Hundreds of thousands of people are still waiting for a social care assessment or service, the Association of Directors of Adult Social Services (ADASS) has warned.
A new study reveals that around 204,241 people are yet to have their social care needs assessed, while another 25,468 are thought to be waiting for care or a direct payment so they can organise their care.
The ADASS found that of those waiting for an initial assessment, more than 40,000 have been waiting longer than half a year.
The bleak findings follow already high criticisms over the Government’s social care plans.
What was the study?
The ADASS took a snap survey between 2 and 18 November and it was responded to by more than half of directors in England.
These responses on demand and provision across areas of England were then averaged and concluded to give a national estimate.
What else did the study find?
The study found there has been an increase in the number of hours of care provide to people at home from August to October, however, the growth is not keeping up with the high demand.
It also found that almost half of councils reported care home closures or providers going out of business in the past six months.
This is up from 35% in the summer, and 25% before the pandemic.
What has the ADASS said?
ADASS president Stephen Chandler said: “This survey confirms our worst fears. Red lights are flashing right across our dashboard.
“Despite magnificent efforts by the committed, courageous and compassionate people working in social care who are delivering extraordinary amounts of care and support, services are failing to meet everyone’s needs and older and disabled people are suffering.”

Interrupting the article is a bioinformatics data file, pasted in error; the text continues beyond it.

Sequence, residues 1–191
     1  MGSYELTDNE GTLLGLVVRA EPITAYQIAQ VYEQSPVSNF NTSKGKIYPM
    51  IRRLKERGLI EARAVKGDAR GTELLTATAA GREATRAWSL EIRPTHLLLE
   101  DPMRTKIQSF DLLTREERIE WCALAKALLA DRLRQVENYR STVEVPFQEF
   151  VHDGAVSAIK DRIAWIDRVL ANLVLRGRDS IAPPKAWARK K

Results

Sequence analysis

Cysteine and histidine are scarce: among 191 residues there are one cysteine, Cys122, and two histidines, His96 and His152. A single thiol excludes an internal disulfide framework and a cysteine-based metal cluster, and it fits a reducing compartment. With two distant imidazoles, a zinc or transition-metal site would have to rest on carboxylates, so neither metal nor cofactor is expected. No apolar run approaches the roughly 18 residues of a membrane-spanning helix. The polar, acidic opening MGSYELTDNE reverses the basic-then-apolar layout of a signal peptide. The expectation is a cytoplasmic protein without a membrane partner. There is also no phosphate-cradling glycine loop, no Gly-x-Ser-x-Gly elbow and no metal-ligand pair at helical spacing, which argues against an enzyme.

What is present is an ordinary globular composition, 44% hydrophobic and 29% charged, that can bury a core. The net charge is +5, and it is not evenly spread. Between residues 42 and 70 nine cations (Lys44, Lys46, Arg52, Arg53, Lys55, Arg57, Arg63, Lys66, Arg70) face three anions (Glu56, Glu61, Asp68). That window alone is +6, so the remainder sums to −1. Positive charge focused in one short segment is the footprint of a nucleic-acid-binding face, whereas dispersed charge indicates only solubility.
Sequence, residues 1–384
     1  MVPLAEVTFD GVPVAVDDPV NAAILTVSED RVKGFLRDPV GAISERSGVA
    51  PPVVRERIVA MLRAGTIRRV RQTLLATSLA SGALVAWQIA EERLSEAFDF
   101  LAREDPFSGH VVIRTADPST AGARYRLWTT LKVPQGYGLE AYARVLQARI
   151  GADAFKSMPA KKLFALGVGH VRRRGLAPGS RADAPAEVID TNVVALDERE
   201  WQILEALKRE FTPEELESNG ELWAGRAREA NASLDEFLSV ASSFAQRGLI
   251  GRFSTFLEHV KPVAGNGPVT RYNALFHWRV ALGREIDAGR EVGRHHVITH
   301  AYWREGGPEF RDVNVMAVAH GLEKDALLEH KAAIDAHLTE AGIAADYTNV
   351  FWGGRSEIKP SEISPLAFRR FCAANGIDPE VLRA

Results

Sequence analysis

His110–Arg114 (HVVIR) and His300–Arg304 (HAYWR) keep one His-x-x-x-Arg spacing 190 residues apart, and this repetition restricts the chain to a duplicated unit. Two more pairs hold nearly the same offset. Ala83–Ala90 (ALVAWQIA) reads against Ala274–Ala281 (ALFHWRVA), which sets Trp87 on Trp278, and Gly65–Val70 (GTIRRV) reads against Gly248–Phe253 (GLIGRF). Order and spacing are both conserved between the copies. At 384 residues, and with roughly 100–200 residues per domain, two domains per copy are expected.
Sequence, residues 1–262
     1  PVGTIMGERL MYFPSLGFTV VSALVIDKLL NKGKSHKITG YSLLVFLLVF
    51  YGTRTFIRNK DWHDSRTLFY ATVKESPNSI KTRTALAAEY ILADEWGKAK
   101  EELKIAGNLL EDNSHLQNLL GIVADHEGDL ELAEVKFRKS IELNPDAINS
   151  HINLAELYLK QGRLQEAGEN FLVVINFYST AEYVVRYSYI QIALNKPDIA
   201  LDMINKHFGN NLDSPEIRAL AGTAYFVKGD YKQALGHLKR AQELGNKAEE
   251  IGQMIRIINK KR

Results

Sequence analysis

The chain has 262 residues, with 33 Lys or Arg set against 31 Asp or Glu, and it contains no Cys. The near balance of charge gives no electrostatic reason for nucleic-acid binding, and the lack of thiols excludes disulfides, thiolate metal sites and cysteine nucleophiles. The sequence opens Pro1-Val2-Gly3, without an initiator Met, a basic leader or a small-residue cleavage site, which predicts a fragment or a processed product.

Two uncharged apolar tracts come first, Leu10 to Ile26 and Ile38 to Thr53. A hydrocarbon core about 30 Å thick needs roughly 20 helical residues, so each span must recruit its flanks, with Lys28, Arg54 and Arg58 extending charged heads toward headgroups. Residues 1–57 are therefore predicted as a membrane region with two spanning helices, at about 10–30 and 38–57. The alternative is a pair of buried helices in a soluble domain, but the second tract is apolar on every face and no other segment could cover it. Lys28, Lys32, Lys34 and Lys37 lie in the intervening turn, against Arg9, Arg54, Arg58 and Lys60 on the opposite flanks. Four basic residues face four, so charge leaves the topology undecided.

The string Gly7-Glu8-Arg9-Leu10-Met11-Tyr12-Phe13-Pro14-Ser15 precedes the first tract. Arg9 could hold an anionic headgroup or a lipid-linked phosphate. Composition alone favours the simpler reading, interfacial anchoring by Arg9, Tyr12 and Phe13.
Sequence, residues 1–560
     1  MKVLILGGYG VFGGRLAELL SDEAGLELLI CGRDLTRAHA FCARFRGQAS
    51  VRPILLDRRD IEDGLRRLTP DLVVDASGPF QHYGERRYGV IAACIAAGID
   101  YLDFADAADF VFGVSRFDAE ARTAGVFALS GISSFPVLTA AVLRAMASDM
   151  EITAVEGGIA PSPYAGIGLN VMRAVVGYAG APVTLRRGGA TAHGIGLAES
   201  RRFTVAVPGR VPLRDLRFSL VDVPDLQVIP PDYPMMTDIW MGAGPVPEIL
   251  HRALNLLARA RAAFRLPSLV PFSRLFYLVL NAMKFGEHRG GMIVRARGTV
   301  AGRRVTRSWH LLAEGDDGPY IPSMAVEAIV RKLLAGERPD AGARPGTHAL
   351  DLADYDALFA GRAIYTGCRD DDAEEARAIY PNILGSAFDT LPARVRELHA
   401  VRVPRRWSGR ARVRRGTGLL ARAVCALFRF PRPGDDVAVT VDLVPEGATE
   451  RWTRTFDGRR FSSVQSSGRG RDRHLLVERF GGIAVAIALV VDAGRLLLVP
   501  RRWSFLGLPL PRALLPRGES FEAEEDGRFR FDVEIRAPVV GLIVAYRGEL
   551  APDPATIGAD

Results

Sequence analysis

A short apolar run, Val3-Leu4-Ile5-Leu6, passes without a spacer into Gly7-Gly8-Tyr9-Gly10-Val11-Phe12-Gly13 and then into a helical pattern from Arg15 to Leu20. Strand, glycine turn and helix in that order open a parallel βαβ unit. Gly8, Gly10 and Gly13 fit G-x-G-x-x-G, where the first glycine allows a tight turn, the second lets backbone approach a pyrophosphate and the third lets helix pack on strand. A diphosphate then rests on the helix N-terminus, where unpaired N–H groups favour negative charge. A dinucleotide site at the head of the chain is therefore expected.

The ADASS is calling on the Government to commit to a £1,000 retention bonus to reduce the amount of carers quitting to work in sectors with better pay and hours.
It also wants £1.5 billion invested immediately to stop the collapse of services, and the same amount to support unpaid carers.
Mr. Chandler added: “The Government must now acknowledge the scale of the crisis and step in with emergency funding and measures to ensure we can get through the winter ahead.”
Staff are quitting “every day” to work in other sectors such as retail and hospitality, leaving managers having to step in as they struggle to recruit, Dr Rhidian Hughes, chief executive of the Voluntary Organisations Disability Group (VODG), said.
Dr Hughes warned hat the “skeletal staffing” is removing support that is essential for disabled people and is resulting in more pressure on the NHS.
He said: “The erosion of support for people who draw on social care services is happening locally, in people’s homes and out of sight.
“There is no headline grabbing ‘crash’ but the realities of Government’s under-funding of social care is having profound consequences on the quality of life for disabled people.”
Councillor David Fothergill, chairman of the Local Government Association’s community wellbeing board, commented on the figures from the study which “are a stark reminder of the immense scale of the challenge facing people in need or in receipt of adult social care and those who work with them.”
What is the Government’s response?
A Government spokesman said: “We are committed to delivering world-leading social care, that’s why we are investing an additional £5.4 billion over three years, which will allow us to build our comprehensive adult social care reform programme.
“Care homes and home care providers are already benefiting from the new £162.5million workforce retention and recruitment fund to assist local authorities and care providers in working together to ease workforce pressures in a variety of ways.”
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